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Pineal Tumor

Pineal Tumor Facts

Pineal tumors arise in the region of the pineal gland. This gland is a small structure deep within the brain. These tumors represent about 1% of all brain tumors but account for 3% to 8% of the intracranial tumors that occur in children. At least 17 different types of tumors may occur in this region, and many are benign.

The three most common types of pineal region tumors are:

  • gliomas,
  • germ cell tumors, and
  • pineal cell tumors.

Pineal Tumor Causes

As with most brain tumors, the cause of pineal tumors is largely unknown. Research is underway to discover the possible causes.

Pineal Tumor Symptoms

Patient Comments

Pineal region tumors arise in or near the pineal gland, which is a small midline structure located deep in the midbrain area, near many vital structures. The pineal gland is located next to the aqueduct of Sylvius, which serves as a passage allowing cerebrospinal fluid (CSF) to leave the center of the brain where it is first produced. Pineal tumors often compress this aqueduct, causing a build up of pressure of CSF in the brain (called hydrocephalus). Expansion of the ventricles causes pressure on the adjacent tissues of the brain, all of which exist in the closed space of the skull. Blockage of the flow of this fluid can cause some of the common presenting symptoms of these tumors, which include:

The intracranial pressure may even increase to life-threatening levels, demanding urgent treatment.

Hydrocephalus can be treated by placement of a ventriculo-peritoneal shunt (VP shunt). The VP shunt is a long tube placed within one of the CSF-containing spaces of the brain, then passed under the skin to the abdominal cavity to provide a pathway for CSF drainage and absorption in the abdomen.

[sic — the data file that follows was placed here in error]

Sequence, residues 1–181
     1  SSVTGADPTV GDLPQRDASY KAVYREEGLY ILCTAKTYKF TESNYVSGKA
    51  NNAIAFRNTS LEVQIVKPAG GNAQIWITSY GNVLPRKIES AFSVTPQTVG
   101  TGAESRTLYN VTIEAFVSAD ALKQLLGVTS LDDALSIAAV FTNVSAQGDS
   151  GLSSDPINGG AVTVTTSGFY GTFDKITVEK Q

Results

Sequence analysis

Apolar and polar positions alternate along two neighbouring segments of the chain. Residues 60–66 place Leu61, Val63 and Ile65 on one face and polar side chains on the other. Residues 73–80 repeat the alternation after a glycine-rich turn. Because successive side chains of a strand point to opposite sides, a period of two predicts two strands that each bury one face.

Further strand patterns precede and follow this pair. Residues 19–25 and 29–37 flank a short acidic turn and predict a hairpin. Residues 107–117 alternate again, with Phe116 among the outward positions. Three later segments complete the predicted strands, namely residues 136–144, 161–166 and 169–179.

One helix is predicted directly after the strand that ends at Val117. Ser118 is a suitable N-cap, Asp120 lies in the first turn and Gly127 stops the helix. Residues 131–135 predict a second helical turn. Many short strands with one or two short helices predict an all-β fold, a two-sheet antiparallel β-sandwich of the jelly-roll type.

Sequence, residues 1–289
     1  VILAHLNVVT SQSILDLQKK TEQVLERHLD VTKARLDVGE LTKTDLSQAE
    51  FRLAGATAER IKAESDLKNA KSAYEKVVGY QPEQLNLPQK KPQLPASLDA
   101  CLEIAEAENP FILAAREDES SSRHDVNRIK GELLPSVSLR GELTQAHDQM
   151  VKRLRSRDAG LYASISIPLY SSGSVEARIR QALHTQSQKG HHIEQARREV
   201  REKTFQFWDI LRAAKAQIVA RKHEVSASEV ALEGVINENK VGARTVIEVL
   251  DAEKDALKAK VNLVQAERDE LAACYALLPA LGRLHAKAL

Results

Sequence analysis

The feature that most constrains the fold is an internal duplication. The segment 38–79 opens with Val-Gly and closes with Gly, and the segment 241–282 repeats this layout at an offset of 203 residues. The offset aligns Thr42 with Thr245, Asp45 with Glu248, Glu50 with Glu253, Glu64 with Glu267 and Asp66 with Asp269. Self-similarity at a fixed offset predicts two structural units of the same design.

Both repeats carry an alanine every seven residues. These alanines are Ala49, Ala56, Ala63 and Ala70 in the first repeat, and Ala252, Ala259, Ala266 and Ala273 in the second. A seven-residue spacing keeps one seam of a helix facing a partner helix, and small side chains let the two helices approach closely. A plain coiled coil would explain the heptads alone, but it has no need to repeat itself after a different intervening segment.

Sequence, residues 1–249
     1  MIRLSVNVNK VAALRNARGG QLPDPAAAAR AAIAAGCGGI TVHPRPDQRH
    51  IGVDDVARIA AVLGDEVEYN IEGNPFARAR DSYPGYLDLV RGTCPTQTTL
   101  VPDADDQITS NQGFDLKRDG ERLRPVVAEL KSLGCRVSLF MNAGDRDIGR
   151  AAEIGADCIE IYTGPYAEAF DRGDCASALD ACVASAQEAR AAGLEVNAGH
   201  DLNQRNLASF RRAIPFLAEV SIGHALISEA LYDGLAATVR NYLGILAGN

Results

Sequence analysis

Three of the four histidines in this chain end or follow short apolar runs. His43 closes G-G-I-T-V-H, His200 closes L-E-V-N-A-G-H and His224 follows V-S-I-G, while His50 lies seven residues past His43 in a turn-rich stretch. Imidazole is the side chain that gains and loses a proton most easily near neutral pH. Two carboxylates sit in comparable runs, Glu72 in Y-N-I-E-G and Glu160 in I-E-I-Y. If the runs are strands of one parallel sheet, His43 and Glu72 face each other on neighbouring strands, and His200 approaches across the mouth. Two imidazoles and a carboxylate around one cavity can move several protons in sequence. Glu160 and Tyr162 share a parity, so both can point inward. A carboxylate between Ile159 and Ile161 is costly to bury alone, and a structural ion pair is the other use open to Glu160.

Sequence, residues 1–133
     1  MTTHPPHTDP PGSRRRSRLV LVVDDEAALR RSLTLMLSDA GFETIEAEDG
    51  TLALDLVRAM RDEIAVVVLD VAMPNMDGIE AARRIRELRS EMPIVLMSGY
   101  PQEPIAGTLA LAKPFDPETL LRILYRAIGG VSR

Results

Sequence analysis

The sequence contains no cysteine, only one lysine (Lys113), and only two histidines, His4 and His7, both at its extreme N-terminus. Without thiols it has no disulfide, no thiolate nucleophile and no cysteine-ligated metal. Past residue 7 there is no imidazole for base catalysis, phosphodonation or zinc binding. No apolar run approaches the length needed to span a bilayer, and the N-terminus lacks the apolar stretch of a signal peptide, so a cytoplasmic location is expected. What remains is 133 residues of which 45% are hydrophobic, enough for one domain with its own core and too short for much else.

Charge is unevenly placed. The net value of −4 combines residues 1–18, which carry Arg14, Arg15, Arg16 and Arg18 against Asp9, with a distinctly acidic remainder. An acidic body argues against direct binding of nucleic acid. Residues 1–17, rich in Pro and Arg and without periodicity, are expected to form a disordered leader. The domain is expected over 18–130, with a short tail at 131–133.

Alternatively, the hydrocephalus can be controlled by a procedure known as a stereotactic third ventriculostomy. Third ventriculostomy creates a tiny opening in the bottom of the brain using a small endoscope to allow the CSF to escape. This procedure is usually performed under local anesthesia (without the need for general anesthesia).

Pineal region tumors may also cause visual changes as a result of involvement of the nearby tectal region which has a primary role in controlling eye movements. These changes may include:

  • inability to focus on objects,
  • double vision, and
  • impairment of eye movements.

These problems may improve or resolve with treatment of the tumor. Certain germ cell tumors may secrete hormones which cause endocrinologic disturbances, such as early onset of puberty in children.

Medically Reviewed by a Doctor on 4/22/2016

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Patient Comments & Reviews

The eMedicineHealth doctors ask about Pineal Tumors:

Pineal Tumor - Symptoms

Tell us about they symptoms you experienced from a pineal tumor.

Brain cancer symptoms include headache, weakness, seizures, clumsiness, and difficulty walking.

Questions to Ask Your Doctor Before a Biopsy

Medical Author: Melissa Conrad Stöppler, MD
Medical Editor: William C. Shiel Jr., MD, FACP, FACR

A biopsy is a sample of tissue removed by your doctor to make a precise diagnosis. Biopsy procedures can range from a simple sampling of skin under local anesthesiato surgical opening of the chestwall to remove a portion of lung tissue. Biopsies may also be obtained during diagnostic procedures such as endoscopy, colonoscopy, bronchoscopy, and others. Sometimes doctors perform biopsies using a CAT scan or other radiological imaging techniques to help identify the exact area to be sampled and avoid injury to surrounding organs. There are several types of biopsies.

Excisional biopsy. If your doctor finds an area of interest or a suspicious finding (for example, an enlarged nevus, or mole), often an excisional biopsy is performed to remove the area in question in its entirety during the biopsy.

Incisional biopsy. An incisional biopsy refers to removal of only a portion of the area of interest (for example, sampling of a small fragment of tissue from a larger breast lump).

Fine needle biopsy. A fine needle biopsy is used to remove cells or fluid by suctioning through a long, thin needle.

Core needle biopsy. During a core needle biopsy, the doctor inserts a special needle through a skin incision that removes a very thin, cylindrical piece of tissue.

The following questions can help guide your discussions with your doctor concerning a biopsy (print these and take them with you to your doctor's visit):


Read What Your Physician is Reading on Medscape

Pineal Tumors »

The pineal gland develops during the second month of gestation as a diverticulum in the diencephalic roof of the third ventricle.

Read More on Medscape Reference »


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